|For novel ideas about building embedded systems (both hardware and firmware), join the 27,000+ engineers who subscribe to The Embedded Muse, a free biweekly newsletter. The Muse has no hype, no vendor PR. It takes just a few seconds (just enter your email, which is shared with absolutely no one) to subscribe.|
By Jack Ganssle
I gave a talk at the recent Embedded Systems Conference which covered, among other subjects, code inspections.
Inspections are sure to get developers riled up. We all hate them. They go against our very notion of programming, in which we hunch over the keyboard while running the debugger through its paces, hoping to beat our code into submission. Then, the stuff is "ours;" we take an ownership interest in the code, and tolerate no criticism of it.
I hate inspections.
But they're efficient, and the point of building firmware is to achieve a business objective: to create working code as quickly and as accurately as possible. The stark facts show inspections to be the fastest way we know to find bugs.
A developer who attended the talk called this week and we had an interesting chat about the subject. Then two emails drifted in, both of which mirrored the telecom. The numbers varied, but here's the gist of the conversations:
The short summary: These folks tried inspections. They didn't work.
I asked: How much code did you inspect?
Answer: Uh, about 500 lines. Maybe 700.
How did you do the inspection?
Answer: We tested the code and found around 20-30 or so bugs. Perhaps more. Then we inspected and found another, well, maybe like 10 to 15.
How long did debugging and inspecting take?
Answer: We're not really sure but not too long.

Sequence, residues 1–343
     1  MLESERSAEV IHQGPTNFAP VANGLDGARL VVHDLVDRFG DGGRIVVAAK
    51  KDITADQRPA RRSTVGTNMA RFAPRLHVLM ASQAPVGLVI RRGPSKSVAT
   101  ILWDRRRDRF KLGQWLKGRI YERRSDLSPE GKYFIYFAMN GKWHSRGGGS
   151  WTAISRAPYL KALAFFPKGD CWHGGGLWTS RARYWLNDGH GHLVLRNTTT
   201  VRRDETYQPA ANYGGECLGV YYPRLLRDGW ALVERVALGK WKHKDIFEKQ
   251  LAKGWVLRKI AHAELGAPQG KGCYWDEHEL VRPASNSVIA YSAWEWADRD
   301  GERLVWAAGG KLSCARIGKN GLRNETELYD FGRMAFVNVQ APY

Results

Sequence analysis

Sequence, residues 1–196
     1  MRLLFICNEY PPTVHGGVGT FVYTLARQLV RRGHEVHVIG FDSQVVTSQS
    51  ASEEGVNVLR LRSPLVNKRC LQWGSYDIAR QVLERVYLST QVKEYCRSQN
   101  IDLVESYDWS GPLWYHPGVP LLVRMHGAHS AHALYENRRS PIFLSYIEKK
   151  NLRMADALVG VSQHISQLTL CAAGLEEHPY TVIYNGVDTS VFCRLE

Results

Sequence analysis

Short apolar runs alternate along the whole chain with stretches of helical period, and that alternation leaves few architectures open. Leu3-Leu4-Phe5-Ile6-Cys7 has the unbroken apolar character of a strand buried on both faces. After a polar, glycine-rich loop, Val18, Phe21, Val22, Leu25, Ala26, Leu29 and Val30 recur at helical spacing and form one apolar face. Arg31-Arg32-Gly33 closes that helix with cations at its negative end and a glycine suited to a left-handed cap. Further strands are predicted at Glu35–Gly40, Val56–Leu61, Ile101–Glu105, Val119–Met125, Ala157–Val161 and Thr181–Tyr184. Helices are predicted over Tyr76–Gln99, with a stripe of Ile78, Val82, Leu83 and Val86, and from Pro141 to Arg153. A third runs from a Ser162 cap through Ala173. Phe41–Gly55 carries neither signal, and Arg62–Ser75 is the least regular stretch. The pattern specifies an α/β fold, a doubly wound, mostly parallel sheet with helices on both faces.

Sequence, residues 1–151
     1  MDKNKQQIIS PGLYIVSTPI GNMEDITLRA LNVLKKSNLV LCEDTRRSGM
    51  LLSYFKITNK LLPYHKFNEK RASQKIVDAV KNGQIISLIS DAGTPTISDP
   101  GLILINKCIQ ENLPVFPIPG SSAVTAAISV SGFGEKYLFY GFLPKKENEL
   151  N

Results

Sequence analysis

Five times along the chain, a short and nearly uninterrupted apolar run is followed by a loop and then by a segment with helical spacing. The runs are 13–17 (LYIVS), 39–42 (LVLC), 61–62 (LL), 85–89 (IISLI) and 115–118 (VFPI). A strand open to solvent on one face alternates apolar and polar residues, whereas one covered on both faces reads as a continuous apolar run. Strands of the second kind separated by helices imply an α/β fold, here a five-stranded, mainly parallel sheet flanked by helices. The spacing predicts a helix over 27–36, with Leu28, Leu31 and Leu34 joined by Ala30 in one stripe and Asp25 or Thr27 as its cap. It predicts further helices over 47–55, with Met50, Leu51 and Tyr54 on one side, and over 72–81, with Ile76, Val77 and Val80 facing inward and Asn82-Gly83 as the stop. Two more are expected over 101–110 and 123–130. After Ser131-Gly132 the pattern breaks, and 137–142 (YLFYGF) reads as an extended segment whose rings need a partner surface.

My response was this: The numbers are clearly meaningless. They're guesses. Unless you collect real metrics this data - such as it is - tells us nothing.
How many bugs were left in the system? What makes you think you found them all? Do you know if you shipped with no bugs. or 100?
Were the ones the inspection found mission-critical bugs?
None of the folks had tried inspecting before debugging, making a murky situation even dimmer.
We know that programming is different from building widgets on an assembly line. Yet too often people use that difference to excuse any attempt to measure and understand, quantitatively, the process of building firmware.
A big part of engineering is measuring things, whether its amps, volts, miles/hour, furlongs per fortnight, or bug rates. Software engineering is engineering only when we collect real metrics, numbers like inspection efficiency, bug rates, productivity, and quality.
There's a large body of knowledge about all of these subjects. If you don't collect your own metrics, there's no way to draw useful comparisons to the state of the art.
That's like driving with your eyes shut.